Advancing in Battle Array

Two campaigns were taking place at the same time in western Virginia. To the south, Brigadier General John B. Floyd and his Confederate Army of the Kanawha were trying to reclaim the Kanawha Valley after Brigadier General Henry A. Wise’s Confederate “Legion” abandoned it. Floyd, the ranking commander, had ordered Wise to join forces with him, but Wise had resisted out of fear that Floyd would break up his command.

To the north, the Confederate Army of the Northwest, led by Brigadier General William W. Loring, was posted east of Cheat Mountain, which was defended by Federals. Major General Robert E. Lee, military advisor to Confederate President Jefferson Davis, had been assigned to see that Loring, Floyd, and Wise coordinated their movements. This was proving to be a daunting task, as none of the three seemed eager to work with the others.

Despite the lack of Confederate coordination, the military buildup was beginning to spread fear among the Unionists who dominated the region. Brigadier General William S. Rosecrans, the overall commander of Federals in western Virginia, tried to allay these fears by issuing a proclamation to “The Loyal Citizens of Western Virginia” from his Clarksburg headquarters. He urged the people to obey the law and oppose secessionists:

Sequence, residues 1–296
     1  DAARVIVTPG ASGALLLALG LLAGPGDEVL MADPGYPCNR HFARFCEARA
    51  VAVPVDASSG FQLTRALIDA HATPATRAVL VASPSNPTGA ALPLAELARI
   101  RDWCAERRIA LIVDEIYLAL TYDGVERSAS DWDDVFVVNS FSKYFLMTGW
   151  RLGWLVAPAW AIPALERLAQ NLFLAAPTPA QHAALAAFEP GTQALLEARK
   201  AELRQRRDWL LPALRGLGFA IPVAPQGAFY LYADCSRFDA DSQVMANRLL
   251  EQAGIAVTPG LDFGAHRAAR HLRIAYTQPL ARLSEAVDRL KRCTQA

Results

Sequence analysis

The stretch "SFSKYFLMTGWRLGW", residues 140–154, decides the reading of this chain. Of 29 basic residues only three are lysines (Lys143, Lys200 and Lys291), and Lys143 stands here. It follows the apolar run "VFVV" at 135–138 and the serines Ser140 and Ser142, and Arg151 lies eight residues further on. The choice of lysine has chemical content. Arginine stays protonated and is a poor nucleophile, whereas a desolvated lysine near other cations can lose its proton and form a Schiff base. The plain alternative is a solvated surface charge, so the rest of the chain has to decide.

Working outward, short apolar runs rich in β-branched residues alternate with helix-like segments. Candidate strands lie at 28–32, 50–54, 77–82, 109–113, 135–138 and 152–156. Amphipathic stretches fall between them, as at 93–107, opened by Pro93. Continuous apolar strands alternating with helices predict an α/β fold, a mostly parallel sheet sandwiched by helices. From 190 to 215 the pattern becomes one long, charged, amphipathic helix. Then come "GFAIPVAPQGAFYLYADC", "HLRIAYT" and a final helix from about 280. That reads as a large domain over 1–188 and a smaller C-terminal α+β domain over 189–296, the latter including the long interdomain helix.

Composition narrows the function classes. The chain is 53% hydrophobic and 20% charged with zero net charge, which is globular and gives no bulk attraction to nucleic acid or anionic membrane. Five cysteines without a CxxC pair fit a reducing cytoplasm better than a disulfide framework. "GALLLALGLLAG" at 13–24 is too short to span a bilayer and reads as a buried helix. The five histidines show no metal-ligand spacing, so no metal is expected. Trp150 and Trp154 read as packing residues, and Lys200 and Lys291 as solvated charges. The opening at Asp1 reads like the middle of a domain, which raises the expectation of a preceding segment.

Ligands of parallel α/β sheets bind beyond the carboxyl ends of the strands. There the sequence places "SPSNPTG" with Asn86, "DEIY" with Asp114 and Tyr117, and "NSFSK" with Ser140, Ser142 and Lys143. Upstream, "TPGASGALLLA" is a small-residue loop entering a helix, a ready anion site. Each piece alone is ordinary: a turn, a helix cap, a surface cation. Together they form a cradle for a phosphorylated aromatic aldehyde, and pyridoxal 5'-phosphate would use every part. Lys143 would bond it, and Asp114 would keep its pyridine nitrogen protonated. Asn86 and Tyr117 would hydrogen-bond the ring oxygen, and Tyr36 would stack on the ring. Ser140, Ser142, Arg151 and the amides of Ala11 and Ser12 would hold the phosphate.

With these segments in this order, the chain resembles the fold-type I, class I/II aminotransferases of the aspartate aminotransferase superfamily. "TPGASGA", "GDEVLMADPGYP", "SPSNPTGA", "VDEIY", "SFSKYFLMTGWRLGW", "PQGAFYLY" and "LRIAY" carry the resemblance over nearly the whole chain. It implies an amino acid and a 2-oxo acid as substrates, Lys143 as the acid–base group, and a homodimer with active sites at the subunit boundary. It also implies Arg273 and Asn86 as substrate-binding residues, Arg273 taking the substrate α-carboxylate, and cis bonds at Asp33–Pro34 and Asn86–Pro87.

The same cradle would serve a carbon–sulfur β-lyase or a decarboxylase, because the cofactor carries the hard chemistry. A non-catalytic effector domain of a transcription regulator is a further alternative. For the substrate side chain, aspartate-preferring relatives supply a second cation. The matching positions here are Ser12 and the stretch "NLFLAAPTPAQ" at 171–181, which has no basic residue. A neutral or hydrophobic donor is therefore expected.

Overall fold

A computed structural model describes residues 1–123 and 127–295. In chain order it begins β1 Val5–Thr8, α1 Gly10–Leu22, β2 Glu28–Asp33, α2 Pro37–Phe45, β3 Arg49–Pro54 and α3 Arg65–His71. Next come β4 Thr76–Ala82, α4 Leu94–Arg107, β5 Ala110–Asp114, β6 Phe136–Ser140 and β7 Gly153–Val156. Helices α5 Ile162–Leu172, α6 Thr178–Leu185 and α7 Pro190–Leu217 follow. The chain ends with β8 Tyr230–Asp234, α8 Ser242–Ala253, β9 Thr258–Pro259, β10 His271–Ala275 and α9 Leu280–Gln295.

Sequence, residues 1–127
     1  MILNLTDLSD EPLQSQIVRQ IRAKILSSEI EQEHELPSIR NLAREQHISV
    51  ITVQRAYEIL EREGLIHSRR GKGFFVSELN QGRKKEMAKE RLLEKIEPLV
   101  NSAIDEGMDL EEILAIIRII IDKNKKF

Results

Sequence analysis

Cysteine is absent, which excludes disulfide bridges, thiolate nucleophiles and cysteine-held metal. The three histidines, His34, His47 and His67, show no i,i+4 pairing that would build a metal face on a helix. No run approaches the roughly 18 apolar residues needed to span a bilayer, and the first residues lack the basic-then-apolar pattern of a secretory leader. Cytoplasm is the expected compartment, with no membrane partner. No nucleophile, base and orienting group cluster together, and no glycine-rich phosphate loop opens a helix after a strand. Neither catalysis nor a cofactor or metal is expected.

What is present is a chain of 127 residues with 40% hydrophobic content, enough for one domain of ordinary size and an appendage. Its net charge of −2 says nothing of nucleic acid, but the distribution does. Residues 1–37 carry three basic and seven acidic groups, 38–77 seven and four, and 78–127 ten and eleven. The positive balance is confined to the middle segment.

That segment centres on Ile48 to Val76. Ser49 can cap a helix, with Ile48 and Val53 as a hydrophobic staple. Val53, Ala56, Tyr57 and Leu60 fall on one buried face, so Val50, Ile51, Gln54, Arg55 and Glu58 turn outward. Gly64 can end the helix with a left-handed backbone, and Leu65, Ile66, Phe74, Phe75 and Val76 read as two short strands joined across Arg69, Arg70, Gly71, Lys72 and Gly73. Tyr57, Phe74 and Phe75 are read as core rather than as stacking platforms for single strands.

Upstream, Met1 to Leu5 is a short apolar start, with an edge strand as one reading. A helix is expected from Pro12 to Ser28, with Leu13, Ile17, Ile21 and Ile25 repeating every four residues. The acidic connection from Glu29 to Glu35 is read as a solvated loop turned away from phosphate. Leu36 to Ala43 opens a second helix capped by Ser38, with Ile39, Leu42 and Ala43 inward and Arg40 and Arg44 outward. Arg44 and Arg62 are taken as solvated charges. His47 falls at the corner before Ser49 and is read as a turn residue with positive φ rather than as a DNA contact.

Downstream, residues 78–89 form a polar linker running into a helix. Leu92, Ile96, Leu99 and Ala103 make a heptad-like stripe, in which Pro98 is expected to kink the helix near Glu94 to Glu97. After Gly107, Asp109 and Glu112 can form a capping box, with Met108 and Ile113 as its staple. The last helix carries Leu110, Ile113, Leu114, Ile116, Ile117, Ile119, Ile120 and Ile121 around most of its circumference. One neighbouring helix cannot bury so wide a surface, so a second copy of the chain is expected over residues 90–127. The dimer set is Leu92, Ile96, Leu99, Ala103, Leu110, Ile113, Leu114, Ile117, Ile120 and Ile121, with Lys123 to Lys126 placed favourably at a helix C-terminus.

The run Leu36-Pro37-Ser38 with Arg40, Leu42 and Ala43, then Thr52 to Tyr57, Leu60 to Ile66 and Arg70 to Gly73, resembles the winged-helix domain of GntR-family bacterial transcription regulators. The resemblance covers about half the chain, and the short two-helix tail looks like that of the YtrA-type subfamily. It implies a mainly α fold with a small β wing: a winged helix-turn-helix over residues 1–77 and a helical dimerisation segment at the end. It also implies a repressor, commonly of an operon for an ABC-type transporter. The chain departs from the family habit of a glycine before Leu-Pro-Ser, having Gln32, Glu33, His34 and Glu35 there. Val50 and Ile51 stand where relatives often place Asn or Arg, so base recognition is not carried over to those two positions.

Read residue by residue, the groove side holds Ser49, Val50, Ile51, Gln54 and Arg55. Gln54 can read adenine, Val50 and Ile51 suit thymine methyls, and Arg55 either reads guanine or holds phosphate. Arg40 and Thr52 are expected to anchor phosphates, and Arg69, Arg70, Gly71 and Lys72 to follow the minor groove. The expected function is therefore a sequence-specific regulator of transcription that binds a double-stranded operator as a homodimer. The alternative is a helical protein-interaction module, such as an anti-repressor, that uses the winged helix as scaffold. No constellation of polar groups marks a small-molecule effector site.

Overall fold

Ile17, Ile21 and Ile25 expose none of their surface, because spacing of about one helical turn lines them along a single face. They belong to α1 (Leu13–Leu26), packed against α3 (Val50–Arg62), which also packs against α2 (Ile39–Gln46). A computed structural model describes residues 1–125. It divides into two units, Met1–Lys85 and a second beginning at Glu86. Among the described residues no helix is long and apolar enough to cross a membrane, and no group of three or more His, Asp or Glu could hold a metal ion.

“Their tools and dupes told you you must vote for secession as the only means to insure peace, that unless you did so, hordes of abolitionists would overrun you, plunder your property, steal your slaves, abuse your wives and daughters, seize upon your lands, and hang all those who opposed them… (secessionists) have set neighbor against neighbor and friend against friend; they have introduced a warfare only known among savages.

“Citizens of Western Virginia, your fate is mainly in your own hands. If you allow yourselves to be trampled under foot by hordes of disturbers, plunderers, and murderers, your land will become a desolation. If you stand firm for law and order and maintain your rights, you may dwell together peacefully and happily as in former days.”

Back south, a Federal force led by Brigadier General Jacob D. Cox held Gauley Bridge, the entrance to the Kanawha Valley. The Federals skirmished with a portion of Wise’s forces at Dogwood Gap, leading Cox to believe that his flank might be attacked. He repositioned his forces to defend against it, thereby leaving Carnifex Ferry, 20 miles northeast of Gauley Bridge, open.

Floyd directed Wise to advance on Carnifex Ferry, and Wise conducted a 17-mile march through drenching rain and mud-filled roads. When his men arrived on the 22nd, they found it evacuated. Floyd decided to advance his force there as well without informing Wise. Since Cox’s Federals had abandoned the place, only one Confederate force was needed there, so Floyd ordered Wise to countermarch back to Dogwood Gap.